I read the first chapter and stopped. I am pissed off. I have rarely felt so manipulated as a reader in my life, and I think the manipulation is more about the way it is written than what it is written about, although that is, in itself, fairly manipulative. If this is how Foer
usually writes, I want no part of him or his work. Still, if this was a short story and I reached the point where the Dad is about to talk to his son before the towers collapse, I would be excited by the cleverness of the moment, would look forward to the conversation, and be pleased in anticipation of the genuine anguish that must be coming. But it's not a short story. It's the first chapter in what is a pretty long book, and I imagine all manner of excruciating crapness is to come. Couple that with a first person narrative in the voice of a "precocious" kid -- so precocious, in fact, that he sounds like a thirty-something man trapped in a kid's body rather than a genuinely precocious kid (I often suspect, when these impossibly precocious characters appear, that the author wants to write as a child but realizes he isn't good enough, so he makes them precocious so he can just write as themselves at their least disciplined and pretend it is a child) -- and I want to tear my eyeballs out after only twenty some-odd pages. Even worse, I didn't know this was about the WTC attack until I got this to the cash register. I just saw it on sale, knew it had good buzz, liked the cover and thought, "What the hell?!" I need to reexamine my impulse buying, apparently, because I would not have bought this book if I'd known what it was about before I did. I think, too, that if I keep reading this book it is going to be lucky to get one star, so it's probably best to leave it where it is for now: on my to-read shelf, buried under that copy of Shogun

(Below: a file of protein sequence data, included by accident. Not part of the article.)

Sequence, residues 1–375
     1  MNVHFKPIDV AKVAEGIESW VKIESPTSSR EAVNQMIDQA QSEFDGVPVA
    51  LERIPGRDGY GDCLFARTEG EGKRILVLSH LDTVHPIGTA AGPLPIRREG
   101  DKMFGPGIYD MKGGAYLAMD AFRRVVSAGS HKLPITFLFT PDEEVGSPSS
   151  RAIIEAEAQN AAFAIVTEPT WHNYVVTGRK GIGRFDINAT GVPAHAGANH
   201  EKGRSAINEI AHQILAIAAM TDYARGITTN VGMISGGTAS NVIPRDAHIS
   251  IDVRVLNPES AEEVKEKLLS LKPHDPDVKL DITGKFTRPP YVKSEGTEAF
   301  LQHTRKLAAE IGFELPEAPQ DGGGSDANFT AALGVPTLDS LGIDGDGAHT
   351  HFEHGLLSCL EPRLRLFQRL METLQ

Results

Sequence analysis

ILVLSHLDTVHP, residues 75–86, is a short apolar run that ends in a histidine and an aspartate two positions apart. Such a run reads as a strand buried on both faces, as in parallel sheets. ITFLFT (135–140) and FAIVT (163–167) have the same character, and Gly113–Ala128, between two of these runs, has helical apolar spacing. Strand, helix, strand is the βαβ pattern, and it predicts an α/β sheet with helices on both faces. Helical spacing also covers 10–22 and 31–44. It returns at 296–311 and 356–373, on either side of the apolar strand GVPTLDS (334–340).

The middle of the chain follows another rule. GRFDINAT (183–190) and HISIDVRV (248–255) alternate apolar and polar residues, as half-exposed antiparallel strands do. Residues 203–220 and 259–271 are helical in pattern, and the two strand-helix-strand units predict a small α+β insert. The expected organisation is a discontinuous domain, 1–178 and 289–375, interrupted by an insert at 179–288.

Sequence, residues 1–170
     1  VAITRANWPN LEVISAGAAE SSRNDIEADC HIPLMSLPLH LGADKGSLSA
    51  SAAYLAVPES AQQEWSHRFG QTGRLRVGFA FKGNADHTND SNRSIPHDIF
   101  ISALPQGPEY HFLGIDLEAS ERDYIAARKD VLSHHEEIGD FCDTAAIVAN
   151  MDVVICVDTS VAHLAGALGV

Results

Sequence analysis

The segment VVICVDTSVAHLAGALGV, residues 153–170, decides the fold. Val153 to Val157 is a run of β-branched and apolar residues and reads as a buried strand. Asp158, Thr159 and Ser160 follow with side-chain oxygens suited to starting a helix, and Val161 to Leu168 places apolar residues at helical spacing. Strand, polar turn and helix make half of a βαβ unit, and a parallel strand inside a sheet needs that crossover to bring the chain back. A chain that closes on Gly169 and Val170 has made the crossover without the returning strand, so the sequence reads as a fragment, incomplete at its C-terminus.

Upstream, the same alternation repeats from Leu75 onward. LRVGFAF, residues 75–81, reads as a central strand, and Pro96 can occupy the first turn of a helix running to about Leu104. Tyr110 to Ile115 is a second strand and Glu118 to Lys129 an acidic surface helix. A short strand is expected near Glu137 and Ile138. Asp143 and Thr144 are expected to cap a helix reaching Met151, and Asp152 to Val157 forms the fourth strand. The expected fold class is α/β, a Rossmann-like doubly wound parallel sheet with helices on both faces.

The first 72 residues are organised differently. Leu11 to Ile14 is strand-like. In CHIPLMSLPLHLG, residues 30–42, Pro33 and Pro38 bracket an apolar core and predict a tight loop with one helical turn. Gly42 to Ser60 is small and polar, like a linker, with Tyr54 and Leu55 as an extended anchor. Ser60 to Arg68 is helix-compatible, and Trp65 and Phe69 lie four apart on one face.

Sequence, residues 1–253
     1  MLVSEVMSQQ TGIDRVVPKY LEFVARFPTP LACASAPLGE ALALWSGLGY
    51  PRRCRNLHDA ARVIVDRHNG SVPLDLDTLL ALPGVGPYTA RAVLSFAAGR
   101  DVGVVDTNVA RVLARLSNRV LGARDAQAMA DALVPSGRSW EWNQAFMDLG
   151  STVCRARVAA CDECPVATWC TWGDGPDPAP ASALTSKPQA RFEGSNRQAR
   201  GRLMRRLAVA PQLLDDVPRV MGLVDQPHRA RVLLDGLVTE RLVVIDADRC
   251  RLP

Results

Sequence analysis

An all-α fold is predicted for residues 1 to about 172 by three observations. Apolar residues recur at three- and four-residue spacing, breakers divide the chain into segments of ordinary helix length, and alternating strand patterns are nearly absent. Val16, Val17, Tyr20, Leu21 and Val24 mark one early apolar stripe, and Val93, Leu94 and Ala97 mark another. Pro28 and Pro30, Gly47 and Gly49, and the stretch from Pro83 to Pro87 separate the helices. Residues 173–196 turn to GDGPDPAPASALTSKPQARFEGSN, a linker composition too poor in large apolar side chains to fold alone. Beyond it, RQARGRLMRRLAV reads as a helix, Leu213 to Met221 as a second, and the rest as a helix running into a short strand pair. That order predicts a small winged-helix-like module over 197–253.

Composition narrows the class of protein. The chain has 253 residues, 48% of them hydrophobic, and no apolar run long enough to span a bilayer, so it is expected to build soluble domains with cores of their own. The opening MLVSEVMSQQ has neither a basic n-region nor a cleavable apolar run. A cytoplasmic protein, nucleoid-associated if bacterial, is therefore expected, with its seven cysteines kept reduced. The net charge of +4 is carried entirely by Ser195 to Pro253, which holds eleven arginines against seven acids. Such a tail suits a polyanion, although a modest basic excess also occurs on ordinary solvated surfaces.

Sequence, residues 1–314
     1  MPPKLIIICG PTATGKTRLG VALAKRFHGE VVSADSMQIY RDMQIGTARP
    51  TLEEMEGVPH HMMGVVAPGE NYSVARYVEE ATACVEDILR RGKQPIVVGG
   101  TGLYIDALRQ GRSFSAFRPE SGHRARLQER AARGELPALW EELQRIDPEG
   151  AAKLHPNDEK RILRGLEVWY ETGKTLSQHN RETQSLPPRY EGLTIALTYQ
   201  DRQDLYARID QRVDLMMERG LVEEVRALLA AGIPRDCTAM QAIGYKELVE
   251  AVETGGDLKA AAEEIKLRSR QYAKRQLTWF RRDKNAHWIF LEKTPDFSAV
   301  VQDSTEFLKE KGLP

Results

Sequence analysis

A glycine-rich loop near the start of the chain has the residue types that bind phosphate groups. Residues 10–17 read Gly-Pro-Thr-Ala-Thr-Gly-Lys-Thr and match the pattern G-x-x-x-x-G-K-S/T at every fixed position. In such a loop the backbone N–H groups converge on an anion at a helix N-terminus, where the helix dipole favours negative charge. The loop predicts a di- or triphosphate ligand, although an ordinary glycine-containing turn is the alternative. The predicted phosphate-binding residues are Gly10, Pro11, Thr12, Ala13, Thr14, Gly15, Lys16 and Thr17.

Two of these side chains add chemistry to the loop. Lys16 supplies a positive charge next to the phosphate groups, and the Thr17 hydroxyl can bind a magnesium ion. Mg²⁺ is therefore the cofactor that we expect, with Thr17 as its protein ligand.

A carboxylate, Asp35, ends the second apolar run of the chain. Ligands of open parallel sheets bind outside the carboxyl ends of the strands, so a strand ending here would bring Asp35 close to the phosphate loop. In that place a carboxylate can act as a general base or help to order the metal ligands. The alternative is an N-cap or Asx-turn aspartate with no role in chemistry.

that's been there for a decade.